Angel Deradoorian’s The Expanding Flower Planet is a refreshing and captivating take on indie rock. While she calls upon her time as part of the genre’s standbys Dirty Projectors and Bittie Orca as well as her background work with a plethora of artists ranging from Flying Lotus to Charlie XCX to U2, she puts forth a work that ultimately transcends her past efforts.

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The Expanding Flower Planet is especially notable for the emphasis it places on contrasts. A great example can be found on the track “Komodo,” where she sings about nothing other than a vicious lizard attack in a soothing voice (“Don’t close your eyes”/“Poisoned and dying”/“Stalking your line”) over an eerie organ and a chiming dulcimer. Similarly, on “The Eye,” Deradoorian’s singing is mysteriously shrouded in ethereal vocal harmonies (“Clean yourself”/“Undo yourself”/”To walk your truth alone”) despite being sung over a straight ahead drum and bass pattern that, save the dark tone, would not sound totally out of place on a 70’s pop-rock record.

The album also does an especially compelling job of interweaving Deradoorian’s Armenian heritage with a variety of other influences. This creates a sound that contrasts pleasantly and unexpectedly with the four bar chord changes that have come to dominate contemporary indie rock. On “Beautiful Woman,” a psychedelic soul guitar and drum groove evolves into cascading Black Sea harmonies. This is a great example of the surprising influences that make The Expanding Flower Planet such an enjoyable and refreshing listen.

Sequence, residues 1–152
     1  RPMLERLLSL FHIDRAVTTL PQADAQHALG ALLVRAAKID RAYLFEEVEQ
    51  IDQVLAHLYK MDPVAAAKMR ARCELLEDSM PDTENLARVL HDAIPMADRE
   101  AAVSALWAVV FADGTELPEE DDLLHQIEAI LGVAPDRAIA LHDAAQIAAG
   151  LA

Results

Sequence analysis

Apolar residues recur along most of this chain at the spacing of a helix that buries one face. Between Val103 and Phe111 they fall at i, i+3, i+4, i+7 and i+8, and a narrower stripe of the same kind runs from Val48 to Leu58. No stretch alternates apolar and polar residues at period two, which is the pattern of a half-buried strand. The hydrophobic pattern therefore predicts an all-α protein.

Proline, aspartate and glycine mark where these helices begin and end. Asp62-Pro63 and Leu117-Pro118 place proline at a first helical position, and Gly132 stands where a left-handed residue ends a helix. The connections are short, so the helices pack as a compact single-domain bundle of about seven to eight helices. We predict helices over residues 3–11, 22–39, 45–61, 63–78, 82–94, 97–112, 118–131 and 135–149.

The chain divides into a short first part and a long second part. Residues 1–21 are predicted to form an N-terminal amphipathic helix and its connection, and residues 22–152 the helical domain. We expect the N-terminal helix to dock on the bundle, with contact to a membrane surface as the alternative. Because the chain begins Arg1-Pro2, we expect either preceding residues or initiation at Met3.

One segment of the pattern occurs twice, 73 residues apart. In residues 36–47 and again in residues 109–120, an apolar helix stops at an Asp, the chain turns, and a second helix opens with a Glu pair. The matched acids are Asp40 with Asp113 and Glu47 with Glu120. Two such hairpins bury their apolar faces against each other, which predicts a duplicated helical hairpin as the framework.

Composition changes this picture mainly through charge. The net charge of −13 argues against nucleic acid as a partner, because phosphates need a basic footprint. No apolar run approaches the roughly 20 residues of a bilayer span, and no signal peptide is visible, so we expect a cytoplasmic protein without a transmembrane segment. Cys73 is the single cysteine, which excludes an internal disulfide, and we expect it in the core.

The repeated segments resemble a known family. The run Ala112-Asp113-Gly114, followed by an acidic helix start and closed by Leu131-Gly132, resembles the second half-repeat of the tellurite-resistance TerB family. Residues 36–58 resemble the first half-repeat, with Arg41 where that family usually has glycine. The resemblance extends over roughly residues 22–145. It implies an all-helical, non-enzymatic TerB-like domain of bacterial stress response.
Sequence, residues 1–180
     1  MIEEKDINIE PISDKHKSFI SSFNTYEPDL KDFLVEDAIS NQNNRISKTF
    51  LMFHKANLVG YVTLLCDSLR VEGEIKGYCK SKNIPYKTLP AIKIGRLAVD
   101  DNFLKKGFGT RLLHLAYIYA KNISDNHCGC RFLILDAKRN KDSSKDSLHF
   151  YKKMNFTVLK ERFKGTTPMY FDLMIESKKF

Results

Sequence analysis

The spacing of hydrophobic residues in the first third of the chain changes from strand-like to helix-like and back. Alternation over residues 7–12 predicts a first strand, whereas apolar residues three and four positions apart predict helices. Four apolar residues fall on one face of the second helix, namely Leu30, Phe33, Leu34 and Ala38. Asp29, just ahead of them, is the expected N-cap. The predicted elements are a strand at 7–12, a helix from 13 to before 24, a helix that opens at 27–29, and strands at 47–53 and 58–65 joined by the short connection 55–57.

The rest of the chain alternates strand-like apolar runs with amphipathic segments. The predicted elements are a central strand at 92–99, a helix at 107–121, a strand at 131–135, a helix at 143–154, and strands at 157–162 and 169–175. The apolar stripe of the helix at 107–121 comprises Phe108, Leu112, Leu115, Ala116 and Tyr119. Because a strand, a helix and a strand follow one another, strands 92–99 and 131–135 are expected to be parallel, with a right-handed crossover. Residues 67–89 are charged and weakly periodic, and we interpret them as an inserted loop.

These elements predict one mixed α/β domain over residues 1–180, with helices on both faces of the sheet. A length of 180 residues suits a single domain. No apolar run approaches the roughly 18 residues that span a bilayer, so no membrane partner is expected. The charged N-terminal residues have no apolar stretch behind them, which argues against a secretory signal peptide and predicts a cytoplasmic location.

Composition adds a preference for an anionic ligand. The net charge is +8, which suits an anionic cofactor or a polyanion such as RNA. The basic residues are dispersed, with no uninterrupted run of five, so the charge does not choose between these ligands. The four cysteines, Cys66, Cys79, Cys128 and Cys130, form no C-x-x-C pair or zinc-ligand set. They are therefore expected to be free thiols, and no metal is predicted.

While the instrumental parts of Expanding Flower Planet are a large component of the album’s appeal, the most compelling and haunting part of the album is Deradoorian’s beautiful, unwavering, diamond-edged voice. She sings deftly in harmony with herself and in solo. The Expanding Flower Planet could have come out as a cacophonous conglomeration of influences, but Deradoorian’s voice soars above and ties it all together and makes the album a memorable and bewitching listen.

Rating: 9.2/10

Photo Wiki Commons.

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